Terror is a 20 foot gaff-rigged daysailer designed by Paul Gartside, a well known boat designer originally from Cornwall who has been based in Nova Scotia for a number of years. It’s a Victorian-style fantail sloop.
The name Terror comes from HMS Terror, a bomb vessel designed by Sir Henry Peake, constructed for the Royal Navy by Robert Davy, Topsham, Devon and launched in 1813.
In 1845 Terror, together with another ship called Erebus, became part of the ill-fated Sir John Franklin expedition which intended to gather magnetic data in the Canadian Arctic and complete a crossing of the Northwest Passage, which had already been charted from both the east and west but never entirely navigated. The expedition sailed from Greenhithe (near Dartford) on 19 May 1845 and the ships were last seen entering Baffin Bay in August 1845.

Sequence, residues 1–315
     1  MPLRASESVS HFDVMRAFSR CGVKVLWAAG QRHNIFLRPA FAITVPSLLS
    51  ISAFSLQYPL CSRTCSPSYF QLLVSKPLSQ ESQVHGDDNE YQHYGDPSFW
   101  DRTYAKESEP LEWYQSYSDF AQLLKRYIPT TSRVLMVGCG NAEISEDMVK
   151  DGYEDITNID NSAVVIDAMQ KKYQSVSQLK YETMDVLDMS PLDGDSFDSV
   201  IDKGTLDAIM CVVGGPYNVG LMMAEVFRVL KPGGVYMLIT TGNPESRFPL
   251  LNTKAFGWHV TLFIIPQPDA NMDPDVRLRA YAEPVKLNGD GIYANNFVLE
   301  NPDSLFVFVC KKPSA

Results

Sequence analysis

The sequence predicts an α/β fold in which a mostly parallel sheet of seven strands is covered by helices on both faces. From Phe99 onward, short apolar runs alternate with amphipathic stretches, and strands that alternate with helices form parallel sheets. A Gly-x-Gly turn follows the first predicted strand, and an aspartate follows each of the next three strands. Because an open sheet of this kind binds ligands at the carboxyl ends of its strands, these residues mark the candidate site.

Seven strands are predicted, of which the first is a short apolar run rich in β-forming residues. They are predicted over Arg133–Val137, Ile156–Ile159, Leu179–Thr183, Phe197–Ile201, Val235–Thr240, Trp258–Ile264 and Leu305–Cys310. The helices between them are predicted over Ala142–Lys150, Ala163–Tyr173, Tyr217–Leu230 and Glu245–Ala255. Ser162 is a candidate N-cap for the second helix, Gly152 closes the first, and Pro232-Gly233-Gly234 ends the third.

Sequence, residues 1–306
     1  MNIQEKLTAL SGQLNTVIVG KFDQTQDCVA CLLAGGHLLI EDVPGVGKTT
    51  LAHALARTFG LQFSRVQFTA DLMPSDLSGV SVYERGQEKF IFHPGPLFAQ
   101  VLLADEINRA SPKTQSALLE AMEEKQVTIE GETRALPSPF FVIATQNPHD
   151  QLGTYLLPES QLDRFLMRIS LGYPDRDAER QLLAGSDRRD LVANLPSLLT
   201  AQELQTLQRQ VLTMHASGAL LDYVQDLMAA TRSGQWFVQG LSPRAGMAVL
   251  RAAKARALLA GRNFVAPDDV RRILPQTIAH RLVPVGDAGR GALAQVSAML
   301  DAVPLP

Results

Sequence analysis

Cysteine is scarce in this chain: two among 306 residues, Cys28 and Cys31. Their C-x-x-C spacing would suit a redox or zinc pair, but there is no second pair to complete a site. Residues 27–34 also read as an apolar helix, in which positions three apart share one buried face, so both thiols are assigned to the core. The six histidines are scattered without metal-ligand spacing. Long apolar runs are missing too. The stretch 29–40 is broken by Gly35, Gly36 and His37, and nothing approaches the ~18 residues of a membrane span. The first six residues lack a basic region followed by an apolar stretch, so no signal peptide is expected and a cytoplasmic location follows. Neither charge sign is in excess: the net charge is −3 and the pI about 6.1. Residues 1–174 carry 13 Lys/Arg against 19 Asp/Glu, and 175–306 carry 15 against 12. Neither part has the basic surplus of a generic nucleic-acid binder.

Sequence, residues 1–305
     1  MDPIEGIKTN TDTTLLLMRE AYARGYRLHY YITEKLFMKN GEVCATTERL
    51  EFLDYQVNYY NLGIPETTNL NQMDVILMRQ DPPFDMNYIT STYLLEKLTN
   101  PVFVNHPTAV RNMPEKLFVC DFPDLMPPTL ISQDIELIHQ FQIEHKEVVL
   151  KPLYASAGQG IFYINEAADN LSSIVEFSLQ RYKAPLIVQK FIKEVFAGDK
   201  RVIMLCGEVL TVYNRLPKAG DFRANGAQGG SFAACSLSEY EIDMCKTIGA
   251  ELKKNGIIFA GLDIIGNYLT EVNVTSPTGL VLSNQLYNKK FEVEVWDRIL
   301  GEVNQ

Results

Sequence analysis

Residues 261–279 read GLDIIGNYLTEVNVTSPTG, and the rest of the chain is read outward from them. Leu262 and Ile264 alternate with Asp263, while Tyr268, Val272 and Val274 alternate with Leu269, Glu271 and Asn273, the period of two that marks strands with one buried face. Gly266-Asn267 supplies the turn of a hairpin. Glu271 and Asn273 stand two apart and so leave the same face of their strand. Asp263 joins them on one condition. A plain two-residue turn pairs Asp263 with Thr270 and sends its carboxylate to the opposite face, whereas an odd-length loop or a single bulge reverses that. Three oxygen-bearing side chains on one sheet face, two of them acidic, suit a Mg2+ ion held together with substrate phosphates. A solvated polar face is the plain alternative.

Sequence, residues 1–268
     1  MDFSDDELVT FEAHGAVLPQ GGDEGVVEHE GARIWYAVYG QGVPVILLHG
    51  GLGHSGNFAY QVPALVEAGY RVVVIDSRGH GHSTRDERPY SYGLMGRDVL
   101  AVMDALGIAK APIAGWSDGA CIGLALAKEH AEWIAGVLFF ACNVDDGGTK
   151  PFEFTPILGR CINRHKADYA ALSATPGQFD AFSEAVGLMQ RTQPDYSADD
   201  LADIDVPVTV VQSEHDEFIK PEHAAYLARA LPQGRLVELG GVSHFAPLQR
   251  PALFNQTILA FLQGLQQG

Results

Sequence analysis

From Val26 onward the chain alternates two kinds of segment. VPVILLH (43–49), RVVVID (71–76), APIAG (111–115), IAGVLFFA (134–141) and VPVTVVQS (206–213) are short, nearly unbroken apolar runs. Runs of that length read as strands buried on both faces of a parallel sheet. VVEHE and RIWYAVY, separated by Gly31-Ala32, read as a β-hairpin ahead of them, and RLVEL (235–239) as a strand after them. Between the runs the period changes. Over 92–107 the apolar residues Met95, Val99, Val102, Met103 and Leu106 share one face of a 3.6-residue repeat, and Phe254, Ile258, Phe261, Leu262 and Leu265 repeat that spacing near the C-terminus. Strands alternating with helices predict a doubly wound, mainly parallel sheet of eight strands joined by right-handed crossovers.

Both ships had become icebound and were abandoned by their crews, all of whom subsequently died of exposure and starvation while trying to trek overland to Fort Resolution, a Hudson’s Bay Company outpost 600 miles to the southwest.
The wreckage of Erebus was recently discovered, but the final resting place of Terror is yet to be found.
More of the background, and the plans for Terror, can be found in an article written by Paul Gartside in the January/ February 2015 edition of Water Craft magazine (no. 109).
Anyway, enough of the history. And there’s no chance of this Terror suffering the same fate as the last time I enquired it was not possible to become icebound in Lyme Bay.
We are a team of 11 students on the 38 week boat building course at the Lyme Regis Boat Building Academy, and Terror is one of five boats we will build over the next 21 weeks, and launch on the 9 June 2016.
My name is Jon and I spent over 30 years in the financial services industry before realising that I had to do something else before I was just too decrepit. Here I am outside the Academy a couple of weeks before starting the course and somewhat clueless as to what is actually involved in building a boat!